Papa, that’s what the pope is called in Mexico. His visit to the US was a big hit with almost everyone, and there’s been a lot written about him and his impact. For example, John Cassidy said this in the New Yorker article “Pope Francis and His Little Fiat:”
What has lifted Pope Francis above the political fray and reinvigorated his office in a way that could barely have been imagined under Pope Benedict, is his peerless ability to convey to ordinary people of all religions and political views his version of Catholicism—a version based largely on the life and teachings of Saint Francis of Assisi, the founder of the Franciscan Order. From choosing to live in a modest guest house, rather than the Apostolic Palace, to washing the feet of a young Muslim prisoner, to inviting dozens of homeless people to tour the Sistine Chapel, Pope Francis has lifted up the papacy by puncturing its grandeur, infusing it with humanity, and, where necessary, cleverly exploiting the power of imagery.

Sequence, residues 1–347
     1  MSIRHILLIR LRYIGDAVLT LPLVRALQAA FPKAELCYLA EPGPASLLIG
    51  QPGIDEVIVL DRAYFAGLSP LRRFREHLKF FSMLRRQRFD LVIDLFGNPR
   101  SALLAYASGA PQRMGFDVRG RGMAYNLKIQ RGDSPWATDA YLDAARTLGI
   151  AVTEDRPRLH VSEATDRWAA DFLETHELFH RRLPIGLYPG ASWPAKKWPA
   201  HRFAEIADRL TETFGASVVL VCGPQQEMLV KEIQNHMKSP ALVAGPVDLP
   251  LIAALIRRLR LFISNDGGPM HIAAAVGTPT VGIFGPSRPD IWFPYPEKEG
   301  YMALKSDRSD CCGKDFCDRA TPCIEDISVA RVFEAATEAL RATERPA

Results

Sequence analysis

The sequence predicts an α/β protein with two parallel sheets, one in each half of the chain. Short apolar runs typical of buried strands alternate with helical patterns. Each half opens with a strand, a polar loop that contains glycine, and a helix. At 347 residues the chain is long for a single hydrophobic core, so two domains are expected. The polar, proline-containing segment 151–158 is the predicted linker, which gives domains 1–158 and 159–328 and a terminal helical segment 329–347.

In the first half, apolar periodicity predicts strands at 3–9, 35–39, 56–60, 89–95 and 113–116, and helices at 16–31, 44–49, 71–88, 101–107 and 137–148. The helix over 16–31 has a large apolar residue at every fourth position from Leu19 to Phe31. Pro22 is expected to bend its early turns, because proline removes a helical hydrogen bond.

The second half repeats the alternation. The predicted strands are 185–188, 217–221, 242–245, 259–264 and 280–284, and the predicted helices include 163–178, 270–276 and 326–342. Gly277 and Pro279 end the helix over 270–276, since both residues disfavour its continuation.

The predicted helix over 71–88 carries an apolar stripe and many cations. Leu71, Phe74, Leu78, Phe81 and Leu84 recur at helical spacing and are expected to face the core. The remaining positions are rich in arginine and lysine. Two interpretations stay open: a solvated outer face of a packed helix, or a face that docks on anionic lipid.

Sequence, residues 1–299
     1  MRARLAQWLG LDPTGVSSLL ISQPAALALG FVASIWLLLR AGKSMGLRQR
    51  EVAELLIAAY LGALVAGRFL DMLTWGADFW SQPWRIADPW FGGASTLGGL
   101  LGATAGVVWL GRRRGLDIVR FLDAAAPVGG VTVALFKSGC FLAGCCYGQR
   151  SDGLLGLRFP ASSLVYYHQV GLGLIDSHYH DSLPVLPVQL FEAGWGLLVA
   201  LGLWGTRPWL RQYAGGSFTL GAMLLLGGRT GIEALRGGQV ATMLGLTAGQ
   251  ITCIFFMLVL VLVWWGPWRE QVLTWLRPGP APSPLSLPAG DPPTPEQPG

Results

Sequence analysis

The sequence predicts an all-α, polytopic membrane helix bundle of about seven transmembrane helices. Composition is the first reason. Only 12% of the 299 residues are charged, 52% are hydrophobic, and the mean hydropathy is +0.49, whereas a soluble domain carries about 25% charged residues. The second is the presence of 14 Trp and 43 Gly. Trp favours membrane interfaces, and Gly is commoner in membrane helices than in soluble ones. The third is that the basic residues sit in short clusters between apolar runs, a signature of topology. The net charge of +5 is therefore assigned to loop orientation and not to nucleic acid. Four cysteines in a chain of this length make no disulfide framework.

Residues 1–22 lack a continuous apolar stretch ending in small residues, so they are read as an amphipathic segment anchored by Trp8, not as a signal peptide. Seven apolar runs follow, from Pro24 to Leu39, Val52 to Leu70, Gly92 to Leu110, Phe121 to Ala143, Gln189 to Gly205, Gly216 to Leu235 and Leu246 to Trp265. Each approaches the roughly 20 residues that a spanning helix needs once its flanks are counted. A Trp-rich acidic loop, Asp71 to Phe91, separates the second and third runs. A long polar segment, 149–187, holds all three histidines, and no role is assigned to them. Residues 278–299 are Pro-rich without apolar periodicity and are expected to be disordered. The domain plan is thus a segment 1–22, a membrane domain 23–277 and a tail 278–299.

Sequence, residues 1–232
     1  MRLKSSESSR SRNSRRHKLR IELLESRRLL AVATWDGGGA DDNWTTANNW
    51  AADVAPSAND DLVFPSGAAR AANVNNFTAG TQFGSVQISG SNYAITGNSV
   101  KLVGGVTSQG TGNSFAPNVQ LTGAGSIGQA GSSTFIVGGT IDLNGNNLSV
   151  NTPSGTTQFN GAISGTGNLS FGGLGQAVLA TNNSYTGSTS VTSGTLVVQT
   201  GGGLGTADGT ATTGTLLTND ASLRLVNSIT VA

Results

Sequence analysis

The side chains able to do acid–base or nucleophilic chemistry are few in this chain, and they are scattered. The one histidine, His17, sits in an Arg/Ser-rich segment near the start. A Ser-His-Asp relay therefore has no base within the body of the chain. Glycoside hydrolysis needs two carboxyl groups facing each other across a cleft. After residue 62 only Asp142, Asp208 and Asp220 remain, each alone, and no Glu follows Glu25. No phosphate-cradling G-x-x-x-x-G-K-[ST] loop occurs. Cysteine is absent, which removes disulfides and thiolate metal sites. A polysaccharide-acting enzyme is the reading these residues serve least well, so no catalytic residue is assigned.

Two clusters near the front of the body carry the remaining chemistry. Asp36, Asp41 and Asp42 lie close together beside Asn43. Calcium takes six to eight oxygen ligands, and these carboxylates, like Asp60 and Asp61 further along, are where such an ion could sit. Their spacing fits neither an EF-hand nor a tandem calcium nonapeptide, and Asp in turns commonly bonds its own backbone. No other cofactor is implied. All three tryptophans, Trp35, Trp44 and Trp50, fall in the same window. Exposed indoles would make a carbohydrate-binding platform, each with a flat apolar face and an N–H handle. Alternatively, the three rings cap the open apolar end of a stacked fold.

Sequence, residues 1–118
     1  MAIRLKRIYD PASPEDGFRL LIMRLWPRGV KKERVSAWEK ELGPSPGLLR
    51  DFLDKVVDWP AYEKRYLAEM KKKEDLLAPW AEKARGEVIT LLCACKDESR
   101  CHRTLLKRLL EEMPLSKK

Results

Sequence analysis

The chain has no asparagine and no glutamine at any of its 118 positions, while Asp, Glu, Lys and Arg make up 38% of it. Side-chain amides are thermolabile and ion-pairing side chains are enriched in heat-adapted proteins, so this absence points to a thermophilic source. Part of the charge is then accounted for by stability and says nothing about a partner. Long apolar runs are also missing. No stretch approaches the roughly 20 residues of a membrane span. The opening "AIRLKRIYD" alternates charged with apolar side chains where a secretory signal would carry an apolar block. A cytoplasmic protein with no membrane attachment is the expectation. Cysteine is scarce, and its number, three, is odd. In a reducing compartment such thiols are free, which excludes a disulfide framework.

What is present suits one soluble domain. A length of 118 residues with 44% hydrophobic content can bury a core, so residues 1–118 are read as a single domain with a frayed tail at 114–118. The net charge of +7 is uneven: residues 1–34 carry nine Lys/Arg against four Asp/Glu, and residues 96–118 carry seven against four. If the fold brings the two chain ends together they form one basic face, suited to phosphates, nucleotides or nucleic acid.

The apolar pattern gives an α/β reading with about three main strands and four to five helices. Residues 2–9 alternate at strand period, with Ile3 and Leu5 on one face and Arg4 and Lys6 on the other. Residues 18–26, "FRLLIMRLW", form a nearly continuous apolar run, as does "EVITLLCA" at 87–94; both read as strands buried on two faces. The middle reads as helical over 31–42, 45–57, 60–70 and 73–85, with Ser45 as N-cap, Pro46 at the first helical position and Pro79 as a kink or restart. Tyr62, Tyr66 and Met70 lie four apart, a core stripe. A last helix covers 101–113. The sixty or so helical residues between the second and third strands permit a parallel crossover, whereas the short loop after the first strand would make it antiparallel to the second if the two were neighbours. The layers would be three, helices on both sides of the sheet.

One interesting result of the Pope’s US visit that hasn’t been reported on is the new Scrabble rule announced by Hasbro.
If you can spell PopeFrancis in Scrabble, you win. Forever.